Vitamin E is predominantly used in beauty products for hair, nails, and skin support. When working in conjunction with Vitamin C and beta carotene, Vitamin E is effective for anti aging, reducing the appearance of fine lines and wrinkles*. But, what is Vitamin E, and do we really need it aside from vanity reasons? Learn more by reading on.
Why Is Vitamin E Called The Beauty Vitamin?
Vitamin E is an antioxidant, which means it helps to prevent your cells, especially those in your skin, from dying. To stay ‘eternally youthful’, it doesn’t hurt to add a daily E to your vitamin routine.
It also creates a sort of force field across your skin, protecting it from the sun’s rays, plus those harmful free radicals floating in the air. There is also some research showing that Vitamin E helps reduce the breakdown of collagen. In essence, Vitamin E can help keep your skin youthful and nourished. It can’t erase time, but it has the potential to slow down its effects. And that is why Vitamin E is called the “Beauty Vitamin”.
What Are The Benefits Of Vitamin E?
Vitamin E oil is the more popular form of this vitamin. Capsules are also available. There has been a lot of research done on the benefits of Vitamin E aside from external usage for anti aging.
- Provides cell protection making it an antioxidant
- There are links showing a higher daily dose of Vitamin E may lower your chance of developing heart disease*
- Vitamin E may reduce the risk of developing age-related macular degeneration (AMD)*
- Used to prevent complications of preeclampsia later in pregnancies*
- May help with cramps related to menstruation*
- The oil form is good for moderate to severely dry skin*
- Oral Vitamin E can help lessen the itching associated with eczema*
- May reduce psoriasis symptoms*
- Relieves the effects of sunburn*
Some people may have a Vitamin E sensitivity, and they could have an allergic reaction, especially if it’s applied topically in oil form. So, it’s best to patch test before applying Vitamin E all over.
Side Effects Of Too Much Vitamin E
It’s pretty difficult to get too much Vitamin E and experience any type of adverse reaction when you’re getting it directly from foods. Taken in the form of a supplement, if your Vitamin E levels are too high you may be unable to form clots after an injury, increasing your risk of excessive bleeding.
Vitamin E can also interfere with certain medicines for blood clotting conditions, chemotherapy, and statin drugs for high cholesterol. It can also exacerbate a Vitamin K deficiency which directly affects blood coagulation. If you are on any type of prescription medication, you must check with your doctor before adding vitamins and supplements into your daily diet.
If you’re pregnant, don’t take high doses of Vitamin E due to the potential to cause risks to your unborn baby. It is, however, safe to take if you’re breastfeeding.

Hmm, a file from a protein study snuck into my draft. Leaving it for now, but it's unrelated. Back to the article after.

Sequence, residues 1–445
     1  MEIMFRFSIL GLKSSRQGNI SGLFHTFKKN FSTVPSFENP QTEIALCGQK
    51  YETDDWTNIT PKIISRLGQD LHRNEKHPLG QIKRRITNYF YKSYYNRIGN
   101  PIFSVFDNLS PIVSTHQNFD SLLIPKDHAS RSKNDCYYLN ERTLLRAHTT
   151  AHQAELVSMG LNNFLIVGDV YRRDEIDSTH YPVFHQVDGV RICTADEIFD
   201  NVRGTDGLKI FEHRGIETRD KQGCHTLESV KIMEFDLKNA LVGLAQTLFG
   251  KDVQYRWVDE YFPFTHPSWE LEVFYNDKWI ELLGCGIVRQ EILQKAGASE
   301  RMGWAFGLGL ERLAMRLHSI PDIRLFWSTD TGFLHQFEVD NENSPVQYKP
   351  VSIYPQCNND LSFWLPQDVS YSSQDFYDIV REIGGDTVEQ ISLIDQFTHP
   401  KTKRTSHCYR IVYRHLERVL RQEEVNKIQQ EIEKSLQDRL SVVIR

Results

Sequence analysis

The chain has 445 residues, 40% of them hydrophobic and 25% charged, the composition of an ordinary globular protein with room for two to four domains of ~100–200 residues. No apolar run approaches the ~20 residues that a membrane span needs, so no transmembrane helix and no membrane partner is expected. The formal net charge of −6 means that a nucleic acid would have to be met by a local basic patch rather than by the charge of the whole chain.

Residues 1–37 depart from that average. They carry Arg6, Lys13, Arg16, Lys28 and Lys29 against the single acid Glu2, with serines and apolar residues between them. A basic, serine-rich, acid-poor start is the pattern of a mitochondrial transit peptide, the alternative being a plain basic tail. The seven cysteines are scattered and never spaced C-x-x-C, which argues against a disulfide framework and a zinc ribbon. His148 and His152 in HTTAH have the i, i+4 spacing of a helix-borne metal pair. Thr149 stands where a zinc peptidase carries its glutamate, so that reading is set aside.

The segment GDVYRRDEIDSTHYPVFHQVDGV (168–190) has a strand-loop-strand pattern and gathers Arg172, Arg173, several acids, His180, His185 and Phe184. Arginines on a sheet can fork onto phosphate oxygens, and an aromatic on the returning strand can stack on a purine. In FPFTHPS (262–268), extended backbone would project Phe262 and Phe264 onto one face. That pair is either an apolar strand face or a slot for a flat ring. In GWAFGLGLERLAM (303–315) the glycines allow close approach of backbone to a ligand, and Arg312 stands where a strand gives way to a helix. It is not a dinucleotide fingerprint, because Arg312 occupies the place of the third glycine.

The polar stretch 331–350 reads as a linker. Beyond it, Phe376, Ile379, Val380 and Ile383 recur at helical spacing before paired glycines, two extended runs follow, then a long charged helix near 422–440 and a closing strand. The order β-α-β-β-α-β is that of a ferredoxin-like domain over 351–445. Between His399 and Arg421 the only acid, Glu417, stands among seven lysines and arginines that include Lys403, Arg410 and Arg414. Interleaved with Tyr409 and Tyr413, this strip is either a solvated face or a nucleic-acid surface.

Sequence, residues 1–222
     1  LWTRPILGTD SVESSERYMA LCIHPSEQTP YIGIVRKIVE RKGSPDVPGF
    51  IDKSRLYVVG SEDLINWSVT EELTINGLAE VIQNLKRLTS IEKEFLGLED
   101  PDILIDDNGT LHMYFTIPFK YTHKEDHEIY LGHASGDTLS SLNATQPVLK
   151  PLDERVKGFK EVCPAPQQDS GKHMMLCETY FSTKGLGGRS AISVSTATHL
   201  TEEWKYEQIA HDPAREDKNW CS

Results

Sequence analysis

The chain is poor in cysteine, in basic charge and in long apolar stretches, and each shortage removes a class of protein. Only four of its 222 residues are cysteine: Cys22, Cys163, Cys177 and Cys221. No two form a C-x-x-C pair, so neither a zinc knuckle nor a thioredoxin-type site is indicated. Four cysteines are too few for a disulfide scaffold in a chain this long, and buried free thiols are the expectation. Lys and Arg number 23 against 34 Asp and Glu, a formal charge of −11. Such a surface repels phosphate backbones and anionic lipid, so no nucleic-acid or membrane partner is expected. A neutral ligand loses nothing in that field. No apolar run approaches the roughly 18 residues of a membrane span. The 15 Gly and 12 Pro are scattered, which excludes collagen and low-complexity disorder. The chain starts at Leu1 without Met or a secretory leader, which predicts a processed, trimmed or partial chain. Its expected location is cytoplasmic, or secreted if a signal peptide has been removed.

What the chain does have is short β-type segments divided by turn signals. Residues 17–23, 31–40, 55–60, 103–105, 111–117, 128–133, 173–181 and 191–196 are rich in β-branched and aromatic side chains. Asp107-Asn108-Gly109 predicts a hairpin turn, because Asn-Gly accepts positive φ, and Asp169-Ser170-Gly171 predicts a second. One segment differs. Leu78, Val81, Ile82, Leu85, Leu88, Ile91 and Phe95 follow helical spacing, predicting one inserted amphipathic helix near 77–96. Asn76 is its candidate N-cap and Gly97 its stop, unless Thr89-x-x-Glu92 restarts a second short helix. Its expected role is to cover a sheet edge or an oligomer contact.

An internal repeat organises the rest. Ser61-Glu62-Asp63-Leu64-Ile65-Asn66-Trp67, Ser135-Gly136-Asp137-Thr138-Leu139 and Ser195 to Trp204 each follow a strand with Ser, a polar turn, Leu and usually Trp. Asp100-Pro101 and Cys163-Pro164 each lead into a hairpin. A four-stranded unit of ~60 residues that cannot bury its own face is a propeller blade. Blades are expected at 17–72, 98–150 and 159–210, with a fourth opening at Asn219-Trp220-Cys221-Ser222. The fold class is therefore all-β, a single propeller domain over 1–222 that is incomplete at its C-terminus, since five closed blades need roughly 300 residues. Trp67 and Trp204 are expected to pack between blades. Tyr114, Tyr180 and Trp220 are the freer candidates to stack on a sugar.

Potential side effects due to higher than recommended doses of Vitamin E for an extended period of time are:
- Vision trouble
- A serious side effect is bleeding
- In babies, Vitamin E may cause necrotizing enterocolitis (NEC), which is life-threatening
What Causes A Vitamin E Deficiency?
It is very uncommon to have a Vitamin E deficiency. But, it can happen. Primarily, it is seen in preemies with extremely low birth weight. People with digestive troubles may also have a deficiency.
Here are some signs of a Vitamin E deficiency:
- Numbing or tingling in your extremities
- Issues with your retina
- Lower functioning immune system
- Loss of the ability to control bodily functions and movements
The Difference Between Vitamin E Oil And Vitamin E Capsules?
Using Vitamin E topically allows the body to absorb it differently than when it’s taken as a supplement or through diet.
The oil is applied directly to the skin, and the capsules are taken orally. More side effects are associated with the oral supplements than the topical. So, if you’re taking the oral Vitamin E then consult with your doctor to make sure you’re staying within the recommended dosage in order to avoid negative side effects from too high of a dose.
Foods Rich In Vitamin E
You can add Vitamin E naturally if you don’t want to take a supplement. The following foods will give you your recommended daily dose.
- 1 oz. of dry roasted sunflower seeds
- 1 oz. of dry roasted hazelnuts
- 1 oz. of dry roasted peanuts
- 1 oz. of dry roasted almonds
- ½ cup of boiled spinach
- ½ cup of boiled or steamed broccoli
- 1 medium kiwi
- ½ cup mango
- 1 medium tomato
- Avocado which also contains more potassium than a banana
Sure, it’s always best to get your daily nutrient requirements through your food, but that’s not always easy to do. To really make sure your body is getting what it needs, it’s beneficial to take a multivitamin.
Get connected with the Tespo Connect Dispenser which is essential for the full liquid vitamin experience.
Disclaimer: The Food and Drug Administration (FDA) suggests that you consult with a health care professional before using any dietary supplement. Many supplements contain ingredients that have strong biological effects, and such products may not be safe in all people.
*These statements have not been evaluated by the Food and Drug Administration. This product is not intended to diagnose, treat, cure, or prevent any disease.